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Oranges are a rich source of vitamin C and helps in iron absorption in toddlers to beat childhood anemia. However, this wonder food has now made its entry to the list of allergic food for toddlers recently. The case came to light when a toddler in Pennsylvania suffered a life-threatening allergic reaction called anaphylaxis after eating an orange - the first time such a case has been reported in someone so young. Did you know C-section babies are more prone to allergy.
What is anaphylaxis?
Anaphylaxis is a serious allergic reaction that is rapid in onset and may cause death. The symptoms including
Other common causes of anaphylaxis include insect bites, stings, foods and medications.
What went wrong with the Pennsylvanian toddler?
The two and-a-half year-old girl ate an orange and within a few minutes, she had developed severe anaphylaxis, said Sigrid DaVeiga, allergist and member of the American College of Allergy, Asthma and Immunology (ACAAI). Some of the classic synptoms that she portrayed were swelling on lips and tongue, breathing difficulties and hives all over the body. Her parents immediately got her to an emergency room, and she was flown by helicopter to a pediatric intensive care unit, DaVeiga told the gathering at ACAAI's annual scientific meeting. Following treatment and a 48-hour hospital stay, the girl recovered and was able to go home. Here are eight ways to deal with your child's asthma.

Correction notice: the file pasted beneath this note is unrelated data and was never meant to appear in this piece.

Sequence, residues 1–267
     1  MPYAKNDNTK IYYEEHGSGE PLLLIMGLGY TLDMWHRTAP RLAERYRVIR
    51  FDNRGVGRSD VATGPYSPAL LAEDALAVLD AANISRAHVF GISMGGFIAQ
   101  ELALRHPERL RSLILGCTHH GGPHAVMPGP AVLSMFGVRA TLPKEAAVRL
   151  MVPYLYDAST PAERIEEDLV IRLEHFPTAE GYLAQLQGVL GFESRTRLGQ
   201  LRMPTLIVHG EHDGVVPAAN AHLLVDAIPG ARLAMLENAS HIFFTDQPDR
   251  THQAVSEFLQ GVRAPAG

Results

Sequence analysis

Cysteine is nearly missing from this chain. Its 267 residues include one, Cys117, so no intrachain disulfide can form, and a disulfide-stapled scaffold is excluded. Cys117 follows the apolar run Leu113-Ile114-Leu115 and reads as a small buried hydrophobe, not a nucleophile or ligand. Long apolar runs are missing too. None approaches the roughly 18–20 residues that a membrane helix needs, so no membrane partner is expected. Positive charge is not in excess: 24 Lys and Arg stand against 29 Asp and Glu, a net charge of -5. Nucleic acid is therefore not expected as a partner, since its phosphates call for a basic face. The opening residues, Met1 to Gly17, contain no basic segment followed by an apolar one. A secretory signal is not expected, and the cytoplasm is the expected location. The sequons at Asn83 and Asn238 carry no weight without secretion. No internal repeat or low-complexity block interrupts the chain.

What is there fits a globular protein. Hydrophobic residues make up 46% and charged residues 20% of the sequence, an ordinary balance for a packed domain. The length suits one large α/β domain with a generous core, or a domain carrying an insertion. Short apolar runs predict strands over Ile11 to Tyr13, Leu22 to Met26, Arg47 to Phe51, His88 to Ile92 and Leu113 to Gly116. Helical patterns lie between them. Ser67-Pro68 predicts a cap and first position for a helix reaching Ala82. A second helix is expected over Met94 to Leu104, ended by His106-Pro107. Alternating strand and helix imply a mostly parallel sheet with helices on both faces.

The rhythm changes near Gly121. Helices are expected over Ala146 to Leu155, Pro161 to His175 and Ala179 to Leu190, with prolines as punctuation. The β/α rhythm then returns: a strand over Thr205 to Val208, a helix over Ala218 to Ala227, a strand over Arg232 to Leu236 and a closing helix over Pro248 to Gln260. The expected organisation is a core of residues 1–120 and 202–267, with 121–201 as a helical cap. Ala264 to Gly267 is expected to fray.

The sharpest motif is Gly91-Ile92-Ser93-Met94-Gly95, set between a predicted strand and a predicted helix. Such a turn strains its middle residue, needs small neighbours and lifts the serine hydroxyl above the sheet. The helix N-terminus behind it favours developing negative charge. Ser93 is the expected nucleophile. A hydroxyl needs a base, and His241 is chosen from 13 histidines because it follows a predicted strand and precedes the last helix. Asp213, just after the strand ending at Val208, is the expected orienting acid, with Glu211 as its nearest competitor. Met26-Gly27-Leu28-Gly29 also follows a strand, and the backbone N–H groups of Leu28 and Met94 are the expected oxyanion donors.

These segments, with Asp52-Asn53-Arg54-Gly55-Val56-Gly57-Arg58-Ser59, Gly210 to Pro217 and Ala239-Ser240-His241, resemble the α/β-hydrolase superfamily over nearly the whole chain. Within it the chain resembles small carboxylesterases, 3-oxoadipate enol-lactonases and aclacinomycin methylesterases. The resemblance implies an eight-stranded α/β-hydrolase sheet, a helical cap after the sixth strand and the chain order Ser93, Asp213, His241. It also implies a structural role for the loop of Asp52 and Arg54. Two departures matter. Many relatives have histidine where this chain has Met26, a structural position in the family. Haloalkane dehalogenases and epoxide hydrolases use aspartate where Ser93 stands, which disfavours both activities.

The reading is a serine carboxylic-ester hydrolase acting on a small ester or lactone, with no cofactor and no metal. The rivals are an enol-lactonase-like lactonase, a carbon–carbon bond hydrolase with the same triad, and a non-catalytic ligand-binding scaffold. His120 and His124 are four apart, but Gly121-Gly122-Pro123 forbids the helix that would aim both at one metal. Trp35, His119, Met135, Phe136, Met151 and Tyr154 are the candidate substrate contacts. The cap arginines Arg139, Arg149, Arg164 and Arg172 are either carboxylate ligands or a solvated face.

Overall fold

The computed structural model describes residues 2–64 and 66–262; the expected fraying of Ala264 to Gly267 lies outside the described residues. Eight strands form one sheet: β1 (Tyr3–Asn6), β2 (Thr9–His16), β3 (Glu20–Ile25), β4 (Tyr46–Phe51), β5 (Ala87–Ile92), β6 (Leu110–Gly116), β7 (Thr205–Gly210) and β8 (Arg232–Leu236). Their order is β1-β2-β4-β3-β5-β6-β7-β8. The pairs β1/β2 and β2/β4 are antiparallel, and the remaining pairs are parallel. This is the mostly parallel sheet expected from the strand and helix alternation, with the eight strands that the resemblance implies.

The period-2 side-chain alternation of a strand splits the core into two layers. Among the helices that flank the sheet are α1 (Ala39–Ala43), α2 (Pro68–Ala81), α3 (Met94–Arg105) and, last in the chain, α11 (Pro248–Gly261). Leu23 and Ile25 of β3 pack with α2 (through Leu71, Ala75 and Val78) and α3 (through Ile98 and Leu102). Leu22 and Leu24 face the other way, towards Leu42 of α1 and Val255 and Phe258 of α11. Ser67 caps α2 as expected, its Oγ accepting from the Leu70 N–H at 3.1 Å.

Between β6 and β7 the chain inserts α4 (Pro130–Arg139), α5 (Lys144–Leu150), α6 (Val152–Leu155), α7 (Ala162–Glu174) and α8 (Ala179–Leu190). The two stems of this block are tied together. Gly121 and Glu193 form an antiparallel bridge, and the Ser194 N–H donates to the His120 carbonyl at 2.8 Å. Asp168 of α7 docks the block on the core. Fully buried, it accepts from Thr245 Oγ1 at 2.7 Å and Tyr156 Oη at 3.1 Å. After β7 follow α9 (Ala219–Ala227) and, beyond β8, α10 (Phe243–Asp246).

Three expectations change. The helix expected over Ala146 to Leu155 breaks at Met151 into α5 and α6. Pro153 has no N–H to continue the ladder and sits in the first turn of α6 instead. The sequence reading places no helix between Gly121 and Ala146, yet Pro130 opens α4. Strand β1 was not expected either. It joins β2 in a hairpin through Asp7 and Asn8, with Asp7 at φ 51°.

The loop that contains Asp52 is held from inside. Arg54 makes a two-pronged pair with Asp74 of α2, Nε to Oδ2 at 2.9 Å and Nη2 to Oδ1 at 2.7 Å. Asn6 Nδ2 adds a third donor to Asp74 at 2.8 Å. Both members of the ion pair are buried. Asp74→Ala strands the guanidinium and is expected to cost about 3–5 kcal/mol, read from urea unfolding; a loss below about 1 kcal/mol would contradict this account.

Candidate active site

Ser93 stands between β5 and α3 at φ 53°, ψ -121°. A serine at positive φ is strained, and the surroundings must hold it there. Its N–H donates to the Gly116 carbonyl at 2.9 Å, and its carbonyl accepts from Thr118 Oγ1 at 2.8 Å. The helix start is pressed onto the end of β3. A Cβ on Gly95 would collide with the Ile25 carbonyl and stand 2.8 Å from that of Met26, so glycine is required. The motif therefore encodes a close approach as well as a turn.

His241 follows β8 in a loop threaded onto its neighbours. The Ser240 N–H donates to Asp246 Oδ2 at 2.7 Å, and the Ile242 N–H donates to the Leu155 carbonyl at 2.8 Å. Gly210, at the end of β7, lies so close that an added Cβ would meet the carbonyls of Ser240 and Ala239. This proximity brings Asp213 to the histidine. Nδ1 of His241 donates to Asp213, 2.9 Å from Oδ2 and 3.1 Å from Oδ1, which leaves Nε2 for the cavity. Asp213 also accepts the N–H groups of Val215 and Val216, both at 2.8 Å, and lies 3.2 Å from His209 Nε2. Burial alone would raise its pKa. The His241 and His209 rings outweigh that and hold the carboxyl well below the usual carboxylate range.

How did the allergist discover this unique food allergy?
Upon examination of the medical history of the patient, doctors discovered that she had previously had orange juice with no reaction, but more importantly, that she had undiagnosed asthma. Allergists found that she was allergic to both orange and peach. According to ACAAI, it is very rare for anyone to have a severe allergic reaction to an orange. Many people do not realise allergies and asthma go hand-in-hand and about 90 percent of kids with asthma also have allergies. Even more important, when asthma is undiagnosed or poorly controlled, children are at risk of suffering difficult-to-treat allergic reactions to food, DaVeiga concluded.
Image Courtesy: Getty images
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